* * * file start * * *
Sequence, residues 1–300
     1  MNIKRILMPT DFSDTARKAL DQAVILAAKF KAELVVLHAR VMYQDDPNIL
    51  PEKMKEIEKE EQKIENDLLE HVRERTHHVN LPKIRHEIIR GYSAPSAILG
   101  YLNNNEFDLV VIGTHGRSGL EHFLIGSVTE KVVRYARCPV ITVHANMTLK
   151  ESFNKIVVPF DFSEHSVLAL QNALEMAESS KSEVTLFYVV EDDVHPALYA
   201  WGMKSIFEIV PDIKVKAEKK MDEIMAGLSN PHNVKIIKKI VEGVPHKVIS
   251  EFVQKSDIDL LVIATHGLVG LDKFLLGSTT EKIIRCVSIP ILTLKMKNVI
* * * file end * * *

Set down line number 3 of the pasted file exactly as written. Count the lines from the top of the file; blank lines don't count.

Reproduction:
    51  PEKMKEIEKE EQKIENDLLE HVRERTHHVN LPKIRHEIIR GYSAPSAILG